WASHINGTON — Al-Qaida maintains an aggressive network of underground “sleeper” cells in the United States and is trying to smuggle even more terrorists into the country by having them pose as ordinary visitors, Attorney General John Ashcroft said Thursday . “Today the United States is at war with a ter, rorist network operating within our borders,” Ashcroft testified before a congressional panel on homeland security . “Al-Qaida maintains a hidden but active presence in the United States waiting to strike again.” Ashcroft’s comments came as Justice Department officials disclosed that most of about 1,200 ASHCROFT people detained in the Sept. 11 dragnet have been deported on immigration violations, though some were released after being cleared of criminal involvement in the attacks. Only 73 people remained in federal custody Thursday none on charges related to terrorism. , Most face immigration violations. Even so, Ashcroft said in his testimony that the Justice Department has had many successes in rounding up suspects and thwarting future attacks in the 10 months since terrorists hijacked commercial jetliners and flew them into the World Trade Center and the Pentagon. “But we are not under any illusions,” Ashcroft said. “There remain sleeper terrorists and their supporters in the United States who have not yet See ASHCROFT/8A

Bioterrorists might cook up viruses in lab
BY GARETH COOK
BOSTON GLOBE

See CITIZENSHIP/11A

Vietnamese immigrant Can Vu takes the oath of allegiance at the Institute of Texan Cultures.

Ex-couple having a lotto trouble over money
BY SONJA GARZA
EXPRESS-NEWS STAFF WRITER

OLIVER

The multimillion-dollar question being played out in a Bexar County courtroom is who bought the winning lotto ticket. The way Mary Oliver sees it, she and Terry Como were living together as man and wife the day Como and his brother went to Austin to collect the $12.5 million lottery jackpot nearly
From the San Antonio Express-News and KENS 5. Get personalized news and information.

two years ago. If the winning ticket was bought with the couple’s “community” money Oliver contends, she’s entitled , to her fair share of the lotto loot. The way Como sees it, he never was married to his ex-girlfriend. They simply lived together. And furthermore, it was his brother who bought the winning the ticket, he contends. “Terry was not the winner. It was not his money It was not his ticket,” .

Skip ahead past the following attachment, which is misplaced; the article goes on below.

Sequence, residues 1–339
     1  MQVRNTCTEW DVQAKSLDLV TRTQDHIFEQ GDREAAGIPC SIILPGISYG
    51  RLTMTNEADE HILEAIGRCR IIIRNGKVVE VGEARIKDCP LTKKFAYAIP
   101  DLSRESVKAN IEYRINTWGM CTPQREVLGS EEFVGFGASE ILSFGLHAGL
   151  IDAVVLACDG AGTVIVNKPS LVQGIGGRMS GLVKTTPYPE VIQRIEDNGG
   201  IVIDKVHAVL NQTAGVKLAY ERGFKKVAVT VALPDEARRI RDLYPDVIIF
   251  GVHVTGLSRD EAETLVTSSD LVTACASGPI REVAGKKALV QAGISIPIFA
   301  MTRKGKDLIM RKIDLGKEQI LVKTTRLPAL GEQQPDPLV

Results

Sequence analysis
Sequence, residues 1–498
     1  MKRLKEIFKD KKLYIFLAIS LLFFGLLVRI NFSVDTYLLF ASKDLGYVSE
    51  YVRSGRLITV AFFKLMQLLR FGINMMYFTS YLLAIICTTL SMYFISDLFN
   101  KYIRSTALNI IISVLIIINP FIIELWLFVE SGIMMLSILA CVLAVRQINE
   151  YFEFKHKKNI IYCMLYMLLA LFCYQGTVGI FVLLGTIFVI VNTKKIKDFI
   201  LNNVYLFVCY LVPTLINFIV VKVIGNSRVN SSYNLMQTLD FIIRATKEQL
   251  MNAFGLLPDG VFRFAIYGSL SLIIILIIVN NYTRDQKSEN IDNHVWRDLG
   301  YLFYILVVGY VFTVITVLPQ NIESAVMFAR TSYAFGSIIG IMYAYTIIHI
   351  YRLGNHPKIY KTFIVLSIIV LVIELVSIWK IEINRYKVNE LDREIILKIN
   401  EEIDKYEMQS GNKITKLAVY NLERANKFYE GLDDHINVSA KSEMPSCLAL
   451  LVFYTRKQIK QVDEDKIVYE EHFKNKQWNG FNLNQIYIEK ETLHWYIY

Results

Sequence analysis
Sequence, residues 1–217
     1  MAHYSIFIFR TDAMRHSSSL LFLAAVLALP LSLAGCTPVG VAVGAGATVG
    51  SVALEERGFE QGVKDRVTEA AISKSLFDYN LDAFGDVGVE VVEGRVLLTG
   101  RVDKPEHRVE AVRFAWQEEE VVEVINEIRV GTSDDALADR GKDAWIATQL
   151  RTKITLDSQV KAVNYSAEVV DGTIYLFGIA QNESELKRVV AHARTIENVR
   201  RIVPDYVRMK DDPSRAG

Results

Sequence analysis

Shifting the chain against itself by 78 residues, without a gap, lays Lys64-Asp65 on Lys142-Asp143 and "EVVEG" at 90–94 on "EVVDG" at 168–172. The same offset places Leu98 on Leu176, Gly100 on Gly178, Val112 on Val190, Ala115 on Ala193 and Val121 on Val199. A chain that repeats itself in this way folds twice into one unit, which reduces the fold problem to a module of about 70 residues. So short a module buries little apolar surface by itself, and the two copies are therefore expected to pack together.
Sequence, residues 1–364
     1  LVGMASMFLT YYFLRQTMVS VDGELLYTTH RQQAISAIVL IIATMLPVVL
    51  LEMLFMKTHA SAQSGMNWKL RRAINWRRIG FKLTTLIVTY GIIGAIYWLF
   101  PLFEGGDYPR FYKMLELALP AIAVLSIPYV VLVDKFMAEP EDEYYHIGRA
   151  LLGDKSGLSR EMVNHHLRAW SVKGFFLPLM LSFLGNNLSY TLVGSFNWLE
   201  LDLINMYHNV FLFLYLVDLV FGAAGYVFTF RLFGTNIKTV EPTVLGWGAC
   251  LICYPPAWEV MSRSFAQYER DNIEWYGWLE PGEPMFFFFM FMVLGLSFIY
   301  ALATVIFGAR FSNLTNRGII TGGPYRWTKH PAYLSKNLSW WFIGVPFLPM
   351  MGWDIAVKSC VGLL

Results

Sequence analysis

said attorney Michael Black, who represents a limited partnership that Como’s brother, James Como, set up to claim the Lotto prize in November 2000. Oliver now is suing her former livein, his brother and the limited partnership called One Red Rider. The suit, filed May 6, also seeks a divorce. The pair now are separated. See EX-COUPLE/11A
1D 1F 6E Deaths Editorials Metro/State 4B 6B 1B Movies Puzzles S.A. Life 1H 8E 1E

COMO

Scientists announced Thursday they have synthesized a virus from scratch for the first time, raising the possibility that terrorists could create biological killers once thought beyond their reach. A team of researchers funded by the Pentagon was able to build a polio virus relying only on a listing of its genetic sequence, information that is publicly available. Polio is one of the simplest viruses to make because its genetic sequence is relatively short, but scientists said it’s likely more complex viruses eventually could be built. The genetic codes for many dangerous pathogens, including smallpox and Ebola, are freely accessible on the Web. And the team relied on technology that is generally available in molecular biology labs around the world. “This should really raise some red flags,” said Barry Bloom, dean of Harvard’s School of Public Health. This paper “means that more complicated viruses can be created — and that it is also possible to create viruses that do not exist in the wild.” The work, published in today’s issue of the journal Science, was funded by the Pentagon’s Defense Advanced Research Projects Agency he , said, because they felt it was important to know whether potential weapons of bioterrorism could be made in the laboratory . See SCIENTISTS/6A

Today’s Weather
Chance of storms High 93, Low 74 Full weather report, Page 10C

INDEX

Business Classifieds Comics

Sports Stocks TV listings

1C 4D 5E

D

137th year, No. 282, 158 pages. Entire contents copyright 2002, San Antonio Express-News. This newspaper is recyclable. Ç

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P A G E 1A

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P U B D A T E 07-12-02 O P E R A T O R CCI

D A T E 07/12/02

T I M E 01:26